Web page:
I wanted to try 170s again because in my heyday, back in the 80s and 90s, I rode 167.5s and I was literally 6-8 mph faster in my fastest sprints. I thought I could regain that speed by getting shorter cranks.
Unfortunately aging 20 years had something to do with my loss of speed, and 170s actually made me slower than the 175s. In similar circumstances (tailwind sprint on the same course) I was about 3 mph slower on the 170s. Also I haven't even gotten a whiff of those heyday type speeds while on the 170s.
Therefore I gave up on the 170s.
Instead of doing a new battery and stuff I just put the other SRM Cannondale SI cranks on, the ones from the black bike. The battery is good, I have a second head unit so no calibrating, and it has both the 175s and my best-so-far Keos, the Carbons.
BB axle looks fine
The two right side crank arms.
That's another thing. The Keo Max2 pedals feel really loose, like really loose. The Carbons, allegedly possessing the same retaining force, are much more decisive in their grasp of the cleat. I made the assumption that the Keo Max2s would have the same retaining power due to the same newton-meter rating, but alas the pedals easily give up the cleat.
So my overall changes are as follows:
1. New cleats on my shoes (and they didn't change the retention feel on the Keo Max2s).
2. 175mm crank arms, instead of 170mm. This involves dropping the saddle 5mm to keep the saddle-pedal distance consistent.
3. Second SRM spider with newer/working battery.
I approached my first ride on the 175s with some caution. Longer cranks means a bit more stress on the knees, not because of the higher leverage but because your leg closes more with a longer crank. It opens the same amount, based on the same saddle height, but your knee closes up more. This means more pressure on the knee cap at the top of the pedal stroke.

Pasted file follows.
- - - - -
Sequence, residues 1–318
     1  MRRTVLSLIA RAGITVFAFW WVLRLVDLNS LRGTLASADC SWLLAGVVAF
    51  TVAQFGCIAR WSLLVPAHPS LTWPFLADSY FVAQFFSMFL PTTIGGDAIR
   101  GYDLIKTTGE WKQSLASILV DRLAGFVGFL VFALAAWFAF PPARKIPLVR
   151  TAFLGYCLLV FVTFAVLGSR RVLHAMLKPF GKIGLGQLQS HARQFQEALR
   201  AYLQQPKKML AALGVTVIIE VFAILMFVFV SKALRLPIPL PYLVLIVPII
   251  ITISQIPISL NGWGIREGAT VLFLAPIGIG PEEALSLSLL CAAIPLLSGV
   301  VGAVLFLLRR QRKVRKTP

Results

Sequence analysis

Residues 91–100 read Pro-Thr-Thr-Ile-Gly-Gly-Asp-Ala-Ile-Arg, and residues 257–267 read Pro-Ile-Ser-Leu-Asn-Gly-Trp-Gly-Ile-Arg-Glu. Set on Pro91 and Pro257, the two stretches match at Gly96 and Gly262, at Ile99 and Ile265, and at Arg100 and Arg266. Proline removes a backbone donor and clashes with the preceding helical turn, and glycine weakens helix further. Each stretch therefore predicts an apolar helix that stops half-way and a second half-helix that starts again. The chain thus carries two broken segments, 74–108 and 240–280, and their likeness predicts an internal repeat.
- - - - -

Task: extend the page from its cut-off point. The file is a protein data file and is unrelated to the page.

Well I got on the bike, did some spinning while deliberately not looking at the SRM headunit, and then peeked when things felt okay.
I expected 90 rpm or lower, after coming from the 170s. Apparently I'm more used to the 175s, even after a season on the 170s.
For 15 minutes I averaged over 100 rpm on the 175s.
No knee twinges, no weird aches, nothing.
I geared up and slowed down my pedaling speed.
One concern with the 175s was that my legs would come up a bit more, a total of 1 cm, based on the fact that my saddle dropped 5mm but the cranks come up 5mm more as well. In my 2012 fitness levels, or even my early 2013 fitness level, I was basically too fat to ride the 175s without gut punching myself with my quads on each pedal stroke.
Now, at the end of 2013, having dropped 12-13 pounds since March, I can pedal the 175s fine.
If I can continue the trend and get down another 10 pounds or so, I'll be back at or close to my 2010 weight. That was a good year, and I hope to at least start 2014 in a similar fashion.